Music review: Hebrides Ensemble

The Hebrides Ensemble yet again proved their versatility. Picture: Contributed
The Hebrides Ensemble yet again proved their versatility. Picture: Contributed
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THE key selling point of this Hebrides Ensemble touring programme, Dead Elvis, was the quirky semi-theatre piece of that name by American composer Michael Daugherty.

Hebrides Ensemble: Dead Elvis

Old Fruitmarket, Glasgow


It’s maybe not the most sophisticated of works, wrapped almost exclusively around endless variants on the famous Dies Irae chant. But as a piece of quintessential entertainment, featuring the brilliant bassoonist Peter Whelan in full flamboyant Elvis rig-out, it was part and parcel of a concert designed to challenge the single-genre format.

For there were elements of jazz in just about every item of the programme, which was aptly set, cabaret style, in Glasgow’s Old Fruitmarket, not least in a series of song settings performed by the stylistically flexible voice of American soprano Claron McFadden.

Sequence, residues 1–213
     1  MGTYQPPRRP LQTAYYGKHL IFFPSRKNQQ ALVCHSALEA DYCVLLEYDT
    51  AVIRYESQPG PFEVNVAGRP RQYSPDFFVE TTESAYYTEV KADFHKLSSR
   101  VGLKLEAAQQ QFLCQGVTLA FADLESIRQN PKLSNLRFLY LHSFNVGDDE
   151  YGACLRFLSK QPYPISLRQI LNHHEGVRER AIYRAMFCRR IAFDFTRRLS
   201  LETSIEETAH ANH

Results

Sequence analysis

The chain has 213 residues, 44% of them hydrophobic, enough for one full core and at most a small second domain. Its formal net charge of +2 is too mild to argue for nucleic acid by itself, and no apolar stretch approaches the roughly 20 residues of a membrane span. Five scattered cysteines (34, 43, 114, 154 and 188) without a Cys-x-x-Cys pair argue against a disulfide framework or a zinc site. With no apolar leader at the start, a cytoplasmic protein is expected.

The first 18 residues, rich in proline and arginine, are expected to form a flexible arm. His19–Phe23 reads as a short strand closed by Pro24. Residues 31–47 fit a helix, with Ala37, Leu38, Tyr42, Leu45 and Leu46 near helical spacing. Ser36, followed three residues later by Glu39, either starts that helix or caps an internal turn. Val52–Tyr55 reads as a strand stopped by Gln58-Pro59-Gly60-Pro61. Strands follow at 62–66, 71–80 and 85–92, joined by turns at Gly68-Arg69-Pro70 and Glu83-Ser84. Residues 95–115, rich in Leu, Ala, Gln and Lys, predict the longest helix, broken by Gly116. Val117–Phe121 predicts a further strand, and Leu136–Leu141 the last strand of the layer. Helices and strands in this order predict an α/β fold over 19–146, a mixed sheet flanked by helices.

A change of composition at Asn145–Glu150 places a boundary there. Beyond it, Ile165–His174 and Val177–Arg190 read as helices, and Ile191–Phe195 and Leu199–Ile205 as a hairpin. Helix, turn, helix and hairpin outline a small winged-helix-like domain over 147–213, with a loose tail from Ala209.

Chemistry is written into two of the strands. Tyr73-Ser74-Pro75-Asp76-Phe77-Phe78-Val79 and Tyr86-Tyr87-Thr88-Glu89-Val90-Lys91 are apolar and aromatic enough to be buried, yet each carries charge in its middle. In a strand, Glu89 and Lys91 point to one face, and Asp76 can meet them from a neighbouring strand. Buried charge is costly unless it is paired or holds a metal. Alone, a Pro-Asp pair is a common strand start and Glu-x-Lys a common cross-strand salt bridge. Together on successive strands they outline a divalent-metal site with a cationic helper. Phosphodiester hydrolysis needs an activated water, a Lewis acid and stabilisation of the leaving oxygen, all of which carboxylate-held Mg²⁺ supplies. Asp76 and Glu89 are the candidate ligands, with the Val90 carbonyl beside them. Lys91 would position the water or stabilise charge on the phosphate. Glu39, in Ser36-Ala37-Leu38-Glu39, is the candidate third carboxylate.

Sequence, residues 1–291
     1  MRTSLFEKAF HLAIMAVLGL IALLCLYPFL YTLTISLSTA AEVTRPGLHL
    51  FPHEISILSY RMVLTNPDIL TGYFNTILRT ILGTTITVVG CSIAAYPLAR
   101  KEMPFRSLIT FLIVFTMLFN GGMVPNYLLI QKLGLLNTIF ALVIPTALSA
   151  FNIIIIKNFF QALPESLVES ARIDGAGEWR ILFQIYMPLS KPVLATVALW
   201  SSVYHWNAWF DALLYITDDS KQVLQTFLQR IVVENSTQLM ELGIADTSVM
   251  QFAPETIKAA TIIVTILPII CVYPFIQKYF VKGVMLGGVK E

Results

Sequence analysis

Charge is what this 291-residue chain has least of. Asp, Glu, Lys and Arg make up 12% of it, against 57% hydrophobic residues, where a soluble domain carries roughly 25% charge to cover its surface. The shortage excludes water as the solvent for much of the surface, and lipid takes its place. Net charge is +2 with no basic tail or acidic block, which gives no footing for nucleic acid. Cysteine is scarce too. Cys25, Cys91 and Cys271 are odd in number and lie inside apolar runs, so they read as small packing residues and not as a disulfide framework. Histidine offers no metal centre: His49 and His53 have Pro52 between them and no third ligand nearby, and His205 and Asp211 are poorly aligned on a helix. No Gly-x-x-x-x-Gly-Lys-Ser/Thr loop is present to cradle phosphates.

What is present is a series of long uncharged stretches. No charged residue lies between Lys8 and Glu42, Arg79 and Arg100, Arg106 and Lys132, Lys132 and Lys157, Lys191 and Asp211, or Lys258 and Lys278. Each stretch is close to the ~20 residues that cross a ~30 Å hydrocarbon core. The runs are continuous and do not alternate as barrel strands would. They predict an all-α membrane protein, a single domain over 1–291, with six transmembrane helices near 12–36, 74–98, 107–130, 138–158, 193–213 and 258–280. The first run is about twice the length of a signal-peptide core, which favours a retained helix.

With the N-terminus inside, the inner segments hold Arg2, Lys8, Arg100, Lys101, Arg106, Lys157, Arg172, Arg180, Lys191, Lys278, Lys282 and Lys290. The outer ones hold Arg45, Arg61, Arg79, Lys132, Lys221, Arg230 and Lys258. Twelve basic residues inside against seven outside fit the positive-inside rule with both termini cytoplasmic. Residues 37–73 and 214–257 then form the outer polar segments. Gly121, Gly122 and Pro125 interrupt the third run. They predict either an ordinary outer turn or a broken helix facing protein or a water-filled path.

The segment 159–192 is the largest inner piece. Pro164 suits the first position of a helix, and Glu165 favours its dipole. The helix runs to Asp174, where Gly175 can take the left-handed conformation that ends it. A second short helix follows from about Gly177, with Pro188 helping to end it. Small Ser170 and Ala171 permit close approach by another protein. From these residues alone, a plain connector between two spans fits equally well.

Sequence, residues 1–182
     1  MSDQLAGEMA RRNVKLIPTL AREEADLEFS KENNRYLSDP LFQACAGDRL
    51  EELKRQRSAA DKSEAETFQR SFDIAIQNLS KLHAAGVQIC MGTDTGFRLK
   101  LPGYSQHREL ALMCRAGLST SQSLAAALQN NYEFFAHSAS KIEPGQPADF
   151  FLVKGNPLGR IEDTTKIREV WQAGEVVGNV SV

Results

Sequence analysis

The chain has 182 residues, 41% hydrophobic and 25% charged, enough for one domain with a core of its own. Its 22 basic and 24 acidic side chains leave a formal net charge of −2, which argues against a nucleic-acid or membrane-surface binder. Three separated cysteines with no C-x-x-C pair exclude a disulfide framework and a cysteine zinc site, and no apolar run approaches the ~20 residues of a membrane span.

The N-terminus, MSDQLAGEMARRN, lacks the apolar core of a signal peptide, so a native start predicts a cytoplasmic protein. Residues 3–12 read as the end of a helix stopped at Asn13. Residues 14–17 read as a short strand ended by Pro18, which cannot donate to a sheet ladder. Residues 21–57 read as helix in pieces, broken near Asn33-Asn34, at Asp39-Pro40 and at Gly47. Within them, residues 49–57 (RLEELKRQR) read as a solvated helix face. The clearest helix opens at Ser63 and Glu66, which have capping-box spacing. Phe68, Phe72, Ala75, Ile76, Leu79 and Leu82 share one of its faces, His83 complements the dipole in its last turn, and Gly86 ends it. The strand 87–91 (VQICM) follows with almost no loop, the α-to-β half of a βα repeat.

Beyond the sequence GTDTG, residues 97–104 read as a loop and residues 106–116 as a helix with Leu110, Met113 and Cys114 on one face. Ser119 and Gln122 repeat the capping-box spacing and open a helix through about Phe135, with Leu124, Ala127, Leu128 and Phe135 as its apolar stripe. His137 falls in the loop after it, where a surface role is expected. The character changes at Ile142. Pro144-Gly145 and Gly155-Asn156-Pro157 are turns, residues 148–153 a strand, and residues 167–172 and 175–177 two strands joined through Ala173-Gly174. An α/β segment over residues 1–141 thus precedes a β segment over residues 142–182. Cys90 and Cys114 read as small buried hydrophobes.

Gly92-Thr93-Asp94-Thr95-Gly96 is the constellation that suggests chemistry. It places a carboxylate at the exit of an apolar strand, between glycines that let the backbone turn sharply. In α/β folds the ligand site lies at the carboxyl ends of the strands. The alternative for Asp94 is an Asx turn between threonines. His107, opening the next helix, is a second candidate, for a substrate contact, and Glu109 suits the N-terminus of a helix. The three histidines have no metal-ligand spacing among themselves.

She applied her sultry virtuosity to Thomas Adès’s Life Story – a moody setting of Tennessee Williams that takes classical on a jazz bender – before demonstrating her wider versatility (simultaneously strumming the piano strings) in Stephan Montague’s multi-faceted Wild Nights, then settling into the enchanting lyricism of Bernstein’s Dream with Me, written for a 1950s Broadway production of Peter Pan.

The entire second half consisted of Wynton Marsallis’ A Fiddler’s Tale Suite, a kind of night club recast of Stravinsky’s Mephistophelean A Soldier’s Tale. The Hebrides’ main man William Conway directed a performance rich in piquancy and languid steaminess.

But the everlasting vision of the evening was that moment Whelan emerged from a sea of dry ice as Presley. How can we ever view this SCO bassoonist in the same light again?

Seen on 10.11.14